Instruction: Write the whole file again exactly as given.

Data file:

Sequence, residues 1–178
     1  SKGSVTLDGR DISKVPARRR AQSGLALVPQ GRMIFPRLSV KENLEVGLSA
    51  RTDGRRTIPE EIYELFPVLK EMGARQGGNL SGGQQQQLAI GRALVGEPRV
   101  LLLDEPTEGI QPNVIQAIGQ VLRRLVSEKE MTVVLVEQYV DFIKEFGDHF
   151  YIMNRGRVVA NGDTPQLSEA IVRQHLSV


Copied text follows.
Sequence, residues 1–178
     1  SKGSVTLDGR DISKVPARRR AQSGLALVPQ GRMIFPRLSV KENLEVGLSA
    51  RTDGRRTIPE EIYELFPVLK EMGARQGGNL SGGQQQQLAI GRALVGEPRV
   101  LLLDEPTEGI QPNVIQAIGQ VLRRLVSEKE MTVVLVEQYV DFIKEFGDHF
   151  YIMNRGRVVA NGDTPQLSEA IVRQHLSV